Supersonic mixing enhanced by cavity-induced three-dimensional oscillatory flow

Supersonic mixing enhanced by cavity-induced three-dimensional oscillatory flow In this study, a novel wall-mounted cavity having a three-dimensional shape is proposed for enhancing supersonic mixing. This device induces an oscillatory secondary flow that effectively enhances mixing. To demonstrate the device performance, we experimentally compare supersonic mixing fields in three ducts without any devices, with a rectangular cavity, and with the newly proposed cavity (new device). In the experiments, time-dependent pressure measurements and oil-flow surface visualization are carried out. The experimental results show that the newly proposed cavity induces not only self-sustained flow oscillation but also secondary flow, both of which effectively enhance mixing. The jet issuing from the injector is also visualized for each duct by a planar laser-induced fluorescence (PLIF) technique. The PLIF visualizations reveal that mixing is enhanced far more rapidly in the duct with the newly proposed cavity than in the other ducts and that the jet penetration in the duct with the newly proposed cavity is much higher. These results are attributed to the large-amplitude jet fluctuation due to the oscillatory secondary flows induced by the newly proposed cavity. http://www.deepdyve.com/assets/images/DeepDyve-Logo-lg.png Experiments in Fluids Springer Journals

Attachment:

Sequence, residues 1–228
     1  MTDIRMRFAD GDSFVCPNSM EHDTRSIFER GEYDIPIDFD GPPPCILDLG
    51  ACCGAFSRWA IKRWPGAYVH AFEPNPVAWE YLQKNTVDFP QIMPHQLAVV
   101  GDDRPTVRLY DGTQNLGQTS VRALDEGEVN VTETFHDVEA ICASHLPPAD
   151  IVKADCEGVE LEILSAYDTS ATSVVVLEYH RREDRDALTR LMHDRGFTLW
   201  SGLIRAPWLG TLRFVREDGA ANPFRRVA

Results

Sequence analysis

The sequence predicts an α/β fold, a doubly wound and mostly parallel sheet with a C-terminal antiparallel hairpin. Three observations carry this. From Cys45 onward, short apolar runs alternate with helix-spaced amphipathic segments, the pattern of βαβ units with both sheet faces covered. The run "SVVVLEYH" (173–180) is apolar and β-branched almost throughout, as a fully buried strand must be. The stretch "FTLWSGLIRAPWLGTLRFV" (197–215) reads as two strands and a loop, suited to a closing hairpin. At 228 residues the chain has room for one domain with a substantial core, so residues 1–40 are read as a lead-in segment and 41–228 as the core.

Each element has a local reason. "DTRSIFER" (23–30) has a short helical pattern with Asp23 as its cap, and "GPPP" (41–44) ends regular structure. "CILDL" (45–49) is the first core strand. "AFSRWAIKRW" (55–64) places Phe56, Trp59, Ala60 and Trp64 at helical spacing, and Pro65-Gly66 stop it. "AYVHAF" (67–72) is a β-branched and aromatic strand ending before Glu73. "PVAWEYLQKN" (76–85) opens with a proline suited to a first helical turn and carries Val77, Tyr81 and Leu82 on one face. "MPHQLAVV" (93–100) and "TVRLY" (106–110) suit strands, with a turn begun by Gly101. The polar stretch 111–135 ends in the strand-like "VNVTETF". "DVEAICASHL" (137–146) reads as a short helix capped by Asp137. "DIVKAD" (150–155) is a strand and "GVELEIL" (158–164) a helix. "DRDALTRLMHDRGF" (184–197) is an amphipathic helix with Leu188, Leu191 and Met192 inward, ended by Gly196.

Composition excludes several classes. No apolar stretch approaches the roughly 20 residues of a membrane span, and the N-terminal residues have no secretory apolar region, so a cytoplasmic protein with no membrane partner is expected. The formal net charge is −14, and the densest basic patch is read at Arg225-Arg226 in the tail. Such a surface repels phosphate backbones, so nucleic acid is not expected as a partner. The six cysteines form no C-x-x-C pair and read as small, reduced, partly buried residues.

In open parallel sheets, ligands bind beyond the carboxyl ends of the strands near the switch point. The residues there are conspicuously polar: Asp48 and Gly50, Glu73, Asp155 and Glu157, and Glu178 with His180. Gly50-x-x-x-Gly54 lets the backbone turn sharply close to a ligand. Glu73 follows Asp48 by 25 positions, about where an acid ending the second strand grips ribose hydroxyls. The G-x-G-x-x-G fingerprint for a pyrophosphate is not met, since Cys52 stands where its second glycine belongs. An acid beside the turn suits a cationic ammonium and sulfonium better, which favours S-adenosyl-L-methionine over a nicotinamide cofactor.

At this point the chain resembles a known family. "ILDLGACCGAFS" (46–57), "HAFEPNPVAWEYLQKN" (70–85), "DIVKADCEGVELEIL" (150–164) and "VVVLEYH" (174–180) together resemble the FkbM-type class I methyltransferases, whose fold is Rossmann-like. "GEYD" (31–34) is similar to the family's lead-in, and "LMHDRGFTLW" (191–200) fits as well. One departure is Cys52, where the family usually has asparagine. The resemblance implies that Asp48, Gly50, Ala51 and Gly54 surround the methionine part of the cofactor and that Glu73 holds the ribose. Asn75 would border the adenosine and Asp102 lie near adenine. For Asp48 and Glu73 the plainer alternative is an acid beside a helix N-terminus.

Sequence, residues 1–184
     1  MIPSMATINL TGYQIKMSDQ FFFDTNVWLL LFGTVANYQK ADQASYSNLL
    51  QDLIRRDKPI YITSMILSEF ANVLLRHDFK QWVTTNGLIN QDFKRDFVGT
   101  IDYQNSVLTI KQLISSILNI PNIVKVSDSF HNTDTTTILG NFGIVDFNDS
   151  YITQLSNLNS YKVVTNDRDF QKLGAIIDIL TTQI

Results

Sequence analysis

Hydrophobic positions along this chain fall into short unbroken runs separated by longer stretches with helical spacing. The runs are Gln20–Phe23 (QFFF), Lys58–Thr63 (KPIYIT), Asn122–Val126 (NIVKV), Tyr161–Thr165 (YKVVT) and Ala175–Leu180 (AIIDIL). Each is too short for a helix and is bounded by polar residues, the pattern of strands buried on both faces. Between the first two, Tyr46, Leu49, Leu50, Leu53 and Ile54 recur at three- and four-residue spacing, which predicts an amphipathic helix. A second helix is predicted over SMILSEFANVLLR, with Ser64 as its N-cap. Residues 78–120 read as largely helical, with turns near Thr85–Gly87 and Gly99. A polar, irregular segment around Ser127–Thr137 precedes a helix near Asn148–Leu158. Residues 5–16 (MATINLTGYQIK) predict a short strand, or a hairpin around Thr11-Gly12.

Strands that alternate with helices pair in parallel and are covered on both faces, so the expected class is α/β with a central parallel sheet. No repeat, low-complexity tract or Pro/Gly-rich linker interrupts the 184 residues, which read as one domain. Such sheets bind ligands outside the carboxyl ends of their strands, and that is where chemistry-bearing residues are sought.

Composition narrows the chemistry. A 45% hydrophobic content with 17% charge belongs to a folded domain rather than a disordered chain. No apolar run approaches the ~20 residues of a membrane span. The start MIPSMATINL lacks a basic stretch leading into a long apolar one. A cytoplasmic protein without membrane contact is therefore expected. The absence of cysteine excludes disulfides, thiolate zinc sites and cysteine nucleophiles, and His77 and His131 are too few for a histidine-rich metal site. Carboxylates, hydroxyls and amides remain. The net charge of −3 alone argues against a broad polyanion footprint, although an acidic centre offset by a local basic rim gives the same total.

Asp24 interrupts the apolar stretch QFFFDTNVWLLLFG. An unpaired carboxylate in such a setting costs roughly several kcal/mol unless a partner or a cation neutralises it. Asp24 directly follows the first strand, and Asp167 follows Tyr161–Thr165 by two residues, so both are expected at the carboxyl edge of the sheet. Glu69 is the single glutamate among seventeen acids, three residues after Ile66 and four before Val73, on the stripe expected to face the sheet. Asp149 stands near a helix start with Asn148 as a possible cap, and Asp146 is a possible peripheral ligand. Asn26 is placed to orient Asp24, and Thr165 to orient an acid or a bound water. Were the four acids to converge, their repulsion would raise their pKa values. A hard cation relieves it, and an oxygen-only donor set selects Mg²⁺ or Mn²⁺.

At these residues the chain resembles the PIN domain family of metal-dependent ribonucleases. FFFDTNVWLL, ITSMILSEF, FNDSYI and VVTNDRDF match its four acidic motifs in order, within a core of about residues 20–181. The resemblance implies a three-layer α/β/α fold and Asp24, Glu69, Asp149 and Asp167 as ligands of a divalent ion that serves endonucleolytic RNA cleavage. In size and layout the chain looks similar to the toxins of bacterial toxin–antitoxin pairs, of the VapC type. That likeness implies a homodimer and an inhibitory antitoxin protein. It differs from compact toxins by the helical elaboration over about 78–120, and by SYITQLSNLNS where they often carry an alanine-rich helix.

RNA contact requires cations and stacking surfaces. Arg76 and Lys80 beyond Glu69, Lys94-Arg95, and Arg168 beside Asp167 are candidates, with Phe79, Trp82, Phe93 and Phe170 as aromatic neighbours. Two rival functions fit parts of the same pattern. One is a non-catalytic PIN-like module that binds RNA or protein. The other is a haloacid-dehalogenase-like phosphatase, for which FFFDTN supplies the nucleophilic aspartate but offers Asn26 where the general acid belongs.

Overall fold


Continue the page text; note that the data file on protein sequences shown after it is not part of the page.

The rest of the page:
Supersonic mixing enhanced by cavity-induced three-dimensional oscillatory flow

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Publisher
Springer Journals
Copyright
Copyright © 2014 by Springer-Verlag Berlin Heidelberg
Subject
Engineering; Engineering Fluid Dynamics; Fluid- and Aerodynamics; Engineering Thermodynamics, Heat and Mass Transfer
ISSN
0723-4864
eISSN
1432-1114
D.O.I.
10.1007/s00348-014-1711-y
Publisher site
See Article on Publisher Site

Abstract

In this study, a novel wall-mounted cavity having a three-dimensional shape is proposed for enhancing supersonic mixing. This device induces an oscillatory secondary flow that effectively enhances mixing. To demonstrate the device performance, we experimentally compare supersonic mixing fields in three ducts without any devices, with a rectangular cavity, and with the newly proposed cavity (new device). In the experiments, time-dependent pressure measurements and oil-flow surface visualization are carried out. The experimental results show that the newly proposed cavity induces not only self-sustained flow oscillation but also secondary flow, both of which effectively enhance mixing. The jet issuing from the injector is also visualized for each duct by a planar laser-induced fluorescence (PLIF) technique. The PLIF visualizations reveal that mixing is enhanced far more rapidly in the duct with the newly proposed cavity than in the other ducts and that the jet penetration in the duct with the newly proposed cavity is much higher. These results are attributed to the large-amplitude jet fluctuation due to the oscillatory secondary flows induced by the newly proposed cavity.

Journal

Experiments in FluidsSpringer Journals

Published: Mar 28, 2014

References

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